Significant developments for the advancement of the City of Iriga have taken place since 2004 when we adopted the principles of good governance. We have undertaken innovative programs and projects that empower and solidify communities. A highly participatory and multisectoral effort to develop a comprehensive plan anchored on a clear and shared vision for the long term sustainable development of the city was put in place. This served as the city government’s blueprint that defines the strategies and programs and translates the Social Contract with the Irigueňos into efficient, effective, and responsive actions that are doable and achievable within the prescribed time. Positive responses and actions were generated from stakeholders resulting to improvement in the performance of the city’s economy.
The pattern of economic activities in the City of Iriga over a four-year period, from 2009 to 2012, shows that the economy is improving, gradually shifting to a mix of commercial and service activities, dominated by wholesale and retail trading, followed by allied services and emergence of micro, small and medium enterprises. Investments grew at the rate of 14.8% per annum during this period. Local revenue correspondingly increased at 18.09% per year. The city was even ranked No. 1 in 2011 by the DOF-Region V for generating a collection efficiency of 120.7%.
With the increased demand for consumer & investment goods, the Service Sector grew, and this can be attributed to improved quality of products and innovations, marketing & cost reduction measures. The city pump primed the economy by providing an investment-friendly atmosphere supported by an inter-agency convergence of services and most importantly, strengthened and promoted entrepreneurial and micro, small and medium enterprise development or MSMED. MSMED have been accepted as the engine of economic growth and for promoting equitable development. The major advantage of the sector is its employment potential at low capital cost.
A process of enhancing entrepreneurial skills and knowledge through structured training and institution-building programmes were institutionalized. It aims to enlarge the base of entrepreneurs in order to hasten the pace at which new ventures are created. This accelerates employment generation and economic development.
The city encourage private initiatives to transform a business concept into a new venture or to grow and diversify an existing venture or enterprise with high growth potential. Entrepreneurs identify an innovation to seize an opportunity, mobilize money and management skills, and take calculated risks to open markets for new products, processes and services. One significant milestone in this area is the example of Atty. Santiago G. Ortega, Jr., owner developer of the Iriga Plaza Hotel, Iriga Shopping Arcade and this Convention Center, the edifice where we are now. He also provided the capital requirements for the operation of the Iriga City Technology and Livelihood Development Center (ICTLDC) in the amount of Php 2.0 Million. Other local businessmen either expanded and/or diversified their existing business.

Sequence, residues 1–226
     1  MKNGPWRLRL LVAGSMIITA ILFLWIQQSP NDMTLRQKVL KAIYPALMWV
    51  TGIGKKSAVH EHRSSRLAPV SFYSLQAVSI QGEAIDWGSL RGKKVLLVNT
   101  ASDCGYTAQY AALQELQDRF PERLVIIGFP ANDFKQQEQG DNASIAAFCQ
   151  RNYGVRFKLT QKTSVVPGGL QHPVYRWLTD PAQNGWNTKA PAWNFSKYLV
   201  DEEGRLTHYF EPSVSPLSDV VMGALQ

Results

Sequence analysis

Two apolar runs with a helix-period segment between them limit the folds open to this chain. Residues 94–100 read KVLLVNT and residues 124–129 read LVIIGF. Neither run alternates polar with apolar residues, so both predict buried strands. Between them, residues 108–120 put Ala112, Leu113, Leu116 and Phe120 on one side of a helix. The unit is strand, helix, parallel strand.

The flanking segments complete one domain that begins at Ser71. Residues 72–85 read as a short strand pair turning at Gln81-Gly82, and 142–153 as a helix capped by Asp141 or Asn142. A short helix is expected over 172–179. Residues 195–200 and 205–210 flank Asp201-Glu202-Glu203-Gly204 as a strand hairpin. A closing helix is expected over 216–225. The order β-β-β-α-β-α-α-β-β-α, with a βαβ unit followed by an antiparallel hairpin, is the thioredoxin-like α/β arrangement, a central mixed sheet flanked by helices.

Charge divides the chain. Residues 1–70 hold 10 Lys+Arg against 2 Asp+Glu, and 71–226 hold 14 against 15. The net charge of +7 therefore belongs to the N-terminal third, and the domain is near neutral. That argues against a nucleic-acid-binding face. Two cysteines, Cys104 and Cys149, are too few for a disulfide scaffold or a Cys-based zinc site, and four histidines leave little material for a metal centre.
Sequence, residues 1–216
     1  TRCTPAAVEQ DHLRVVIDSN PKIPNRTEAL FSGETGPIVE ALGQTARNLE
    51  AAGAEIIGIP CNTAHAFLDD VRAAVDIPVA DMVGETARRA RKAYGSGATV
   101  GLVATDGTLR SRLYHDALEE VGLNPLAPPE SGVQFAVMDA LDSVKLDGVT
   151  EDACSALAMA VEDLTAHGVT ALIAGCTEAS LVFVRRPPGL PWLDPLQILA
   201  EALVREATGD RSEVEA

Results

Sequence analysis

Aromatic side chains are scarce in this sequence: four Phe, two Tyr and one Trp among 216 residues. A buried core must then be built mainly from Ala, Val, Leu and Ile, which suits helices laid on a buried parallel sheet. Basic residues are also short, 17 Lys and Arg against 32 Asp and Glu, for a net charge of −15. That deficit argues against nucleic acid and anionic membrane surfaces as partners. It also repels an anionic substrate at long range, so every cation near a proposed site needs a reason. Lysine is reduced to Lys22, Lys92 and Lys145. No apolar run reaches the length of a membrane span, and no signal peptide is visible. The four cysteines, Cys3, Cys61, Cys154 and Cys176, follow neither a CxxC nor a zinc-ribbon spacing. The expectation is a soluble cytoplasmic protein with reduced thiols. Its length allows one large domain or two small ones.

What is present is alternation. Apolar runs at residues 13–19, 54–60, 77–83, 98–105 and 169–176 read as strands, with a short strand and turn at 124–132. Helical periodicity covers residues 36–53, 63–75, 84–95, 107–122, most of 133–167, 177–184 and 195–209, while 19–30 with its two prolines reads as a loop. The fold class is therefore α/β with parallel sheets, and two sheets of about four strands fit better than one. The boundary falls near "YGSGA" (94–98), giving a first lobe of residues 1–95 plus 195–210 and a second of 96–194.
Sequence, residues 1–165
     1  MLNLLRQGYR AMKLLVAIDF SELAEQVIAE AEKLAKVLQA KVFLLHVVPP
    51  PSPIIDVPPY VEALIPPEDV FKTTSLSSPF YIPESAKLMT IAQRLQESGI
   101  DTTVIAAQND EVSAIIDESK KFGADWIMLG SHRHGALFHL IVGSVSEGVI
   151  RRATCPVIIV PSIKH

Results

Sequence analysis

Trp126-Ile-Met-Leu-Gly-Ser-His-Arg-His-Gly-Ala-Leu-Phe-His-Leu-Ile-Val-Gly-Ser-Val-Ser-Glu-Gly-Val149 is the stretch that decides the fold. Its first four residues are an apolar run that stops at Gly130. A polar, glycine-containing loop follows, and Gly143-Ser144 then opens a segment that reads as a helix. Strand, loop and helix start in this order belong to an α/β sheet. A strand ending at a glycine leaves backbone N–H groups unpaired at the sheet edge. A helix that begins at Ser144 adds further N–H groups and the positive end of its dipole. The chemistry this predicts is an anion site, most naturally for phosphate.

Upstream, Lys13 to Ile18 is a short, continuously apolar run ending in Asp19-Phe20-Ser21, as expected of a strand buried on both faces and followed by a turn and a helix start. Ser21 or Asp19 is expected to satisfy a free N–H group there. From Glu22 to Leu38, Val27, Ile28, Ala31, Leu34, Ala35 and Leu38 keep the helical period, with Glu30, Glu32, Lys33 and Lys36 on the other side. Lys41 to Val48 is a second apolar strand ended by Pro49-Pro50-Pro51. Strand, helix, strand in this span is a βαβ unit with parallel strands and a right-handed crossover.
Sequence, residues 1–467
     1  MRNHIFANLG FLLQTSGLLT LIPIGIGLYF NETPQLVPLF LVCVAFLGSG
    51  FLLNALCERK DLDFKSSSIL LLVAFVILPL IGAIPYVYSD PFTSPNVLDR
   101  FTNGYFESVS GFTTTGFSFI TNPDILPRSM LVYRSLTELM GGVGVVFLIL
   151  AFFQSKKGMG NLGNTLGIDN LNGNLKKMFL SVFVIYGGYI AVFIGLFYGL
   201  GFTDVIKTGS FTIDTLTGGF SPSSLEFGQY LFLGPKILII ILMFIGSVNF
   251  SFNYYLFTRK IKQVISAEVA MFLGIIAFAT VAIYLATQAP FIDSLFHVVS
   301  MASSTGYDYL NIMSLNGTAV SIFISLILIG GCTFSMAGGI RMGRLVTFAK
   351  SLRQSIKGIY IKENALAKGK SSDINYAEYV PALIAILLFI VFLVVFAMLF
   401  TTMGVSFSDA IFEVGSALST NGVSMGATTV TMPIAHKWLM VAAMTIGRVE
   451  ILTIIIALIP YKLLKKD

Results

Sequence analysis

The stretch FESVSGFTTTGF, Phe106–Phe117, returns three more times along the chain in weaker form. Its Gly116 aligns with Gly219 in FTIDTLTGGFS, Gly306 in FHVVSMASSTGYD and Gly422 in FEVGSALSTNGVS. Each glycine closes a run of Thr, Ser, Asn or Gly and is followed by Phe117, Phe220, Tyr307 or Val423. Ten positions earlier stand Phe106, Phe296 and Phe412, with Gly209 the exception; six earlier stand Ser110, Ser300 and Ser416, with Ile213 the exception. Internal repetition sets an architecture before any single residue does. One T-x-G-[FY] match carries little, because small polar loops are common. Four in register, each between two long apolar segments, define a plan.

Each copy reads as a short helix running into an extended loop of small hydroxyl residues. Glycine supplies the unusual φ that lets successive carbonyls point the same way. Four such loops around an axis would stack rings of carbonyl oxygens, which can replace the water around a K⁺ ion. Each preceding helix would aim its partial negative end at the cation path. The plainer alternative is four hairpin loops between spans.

WHAT HAS BEEN DONE?
In 2006, the city launched the Iriga City Technology and Livelihood Development Center (ICTLDC) through City Ordinance No. 2005-052. Its objective is to promote, support, strengthen, and encourage the growth and development of entrepreneurship, livelihood and MSMEs in all productive sectors of the economy. It is a convergence of inter-agency services that includes Business Counselling, Skills and Entrepreneurial Training, Product Design and Development, Appropriate Technologies, micro-financing and Marketing.
Sangguniang Panlungsod Resolution No. 2008-077 was passed and approved declaring Processed Foods, Primarily, “Gulay na Katnga” (Taro leaves in coco cream) and “Tinuktok” as the One Town One Product of Iriga City, and other Processed Food Products which may be Developed by the Program, and, Provision of Support thereof. This paved the way for the establishment of the Katnga Center, which served as the “Training Center and showroom” for various skills and finished products. The promotion and development of Katnga as the OTOP of Iriga City gained significant milestone when the program received a grant funding from the Department of Labor and Employment for the development of Katnga Production Center at San Agustin, Iriga City. The project’s major output includes upgrading of technology in the production process of katnga thru the use of modern equipment, and, thereby gain a more faster method to cope-up with its increasing demand; development of a proficient producer of the most nutritious and delightful variety of flavors of “Katnga” (taro leaves in coco cream) which is globally competitive; and, commercializing the product in the local and in the global market.